NASA’s Comet Nucleus Tour, slated to launch no earlier than July 3, will
rely on the Jet Propulsion Laboratory’s navigation experts to guide the craft on its
tricky journey toward two comets to find out how the icy, rocky bodies evolve as they
approach the Sun.

The spacecraft is slated for a 15-month journey to Comet Encke followed by a
two-and-a-half-year trip to Comet Schwassmann-Wachmann 3. The mission was
conceived so that scientists could compare the older, less active Encke to the younger,
dust-clouded Schwassmann-Wachmann 3. The different targets pose a challenge to
the navigators, too.

“We’ll be flying by quickly and close to Comet Encke. There will be just ten
minutes of time to take the science data, and our job is to protect that time,” said
Tony Taylor, chief of the navigation team at JPL, in Pasadena, Calif. “On the other
hand, Comet Schwassman-Wachmann 3 has more dust and gas shooting from its
inner body. We will fly past it a bit farther away to avoid being hit by a particularly
large particle, and we’ll have more time to observe the comet.”

The navigation team will guide the spacecraft through its complex orbit. The
cleverly developed launch plan will first send the spacecraft into an Earth-circling
orbit. After six weeks, the navigators will steer the spacecraft toward the first of the
two comets.

“It’s like having two launches,” said Dr. Bobby Williams, a member of the
navigation team and the leader of the JPL navigation team that landed the Near Earth
Asteroid Rendezvous spacecraft on the asteroid Eros in February 2001. “We have to
fire a rocket to go into orbit around Earth and then about six weeks later fire another
rocket to push the spacecraft out of Earth orbit.”

The spacecraft will fly by each comet at the peak of its activity as it
approaches the Sun. During each encounter, the target comet will be well situated in
the night sky for astronomers worldwide to make concurrent observations from the
ground. Protected by its dust shield, the spacecraft will fly by each comet nucleus to
within a distance of 100 kilometers (62 miles). The most intensive data taking will
occur within a day or so of each encounter.

The mission’s design is flexible so that the spacecraft can be retargeted to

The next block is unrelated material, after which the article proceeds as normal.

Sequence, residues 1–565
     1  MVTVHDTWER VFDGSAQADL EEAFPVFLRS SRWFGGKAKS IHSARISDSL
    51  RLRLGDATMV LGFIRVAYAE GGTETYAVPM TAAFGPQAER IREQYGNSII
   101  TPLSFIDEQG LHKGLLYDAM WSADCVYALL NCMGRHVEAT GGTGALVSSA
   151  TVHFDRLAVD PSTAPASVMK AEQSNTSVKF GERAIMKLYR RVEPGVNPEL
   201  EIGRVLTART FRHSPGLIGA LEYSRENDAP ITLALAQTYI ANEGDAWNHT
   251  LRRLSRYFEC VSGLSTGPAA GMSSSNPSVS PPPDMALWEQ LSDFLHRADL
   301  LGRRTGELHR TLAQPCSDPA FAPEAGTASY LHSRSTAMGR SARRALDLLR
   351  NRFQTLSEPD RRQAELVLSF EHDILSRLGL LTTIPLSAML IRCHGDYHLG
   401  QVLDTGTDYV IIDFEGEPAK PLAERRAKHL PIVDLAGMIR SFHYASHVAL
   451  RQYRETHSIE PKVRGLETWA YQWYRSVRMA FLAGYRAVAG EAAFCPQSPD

intercept an unexpected comet visitor. If a “new” comet passes close enough to
Earth’s orbit, mission managers at the Johns Hopkins University Applied Physics
Laboratory, Laurel, Md., will design a new flight path to take advantage of the
opportunity to study the new comet. The JPL navigation team will then calculate the
amount of fuel the spacecraft should burn, and for how long, to put it on the right

JPL will also provide communications support through the Deep Space
Network, the worldwide series of antennas that provide radio communications for all
of NASA’s interplanetary spacecraft.

“JPL’s participation is essential to making the mission happen,” said Dr.
Joseph Veverka, principal investigator and leader of the mission from Cornell
University, Ithaca, N.Y. “We have to get the spacecraft very close to the comets and
we have to communicate with the spacecraft – and we couldn’t do those things
without JPL. And one of the world’s experts on comets, Dr. Don Yeomans of JPL, is
part of our science team.”

Comets may have brought to the forming Earth some of the water in the
oceans, some of the gases of our atmosphere and perhaps even the building blocks
from which life arose.

JPL is managed for NASA by the California Institute of Technology,
Pasadena, Calif. The Johns Hopkins University Applied Physics Laboratory manages
the mission, built the spacecraft and its two cameras and will operate the spacecraft
during flight. NASA’s Goddard Space Flight Center, Greenbelt, Md., provided the
spacecraft’s neutral gas/ion mass spectrometer. Von Hoerner & Sulger, GmbH,
Schwetzingen, Germany, built the dust analyzer. Veverka leads a science team of 18
co-investigators from universities, industry and government agencies in the United
States and Europe. More information on the mission is available at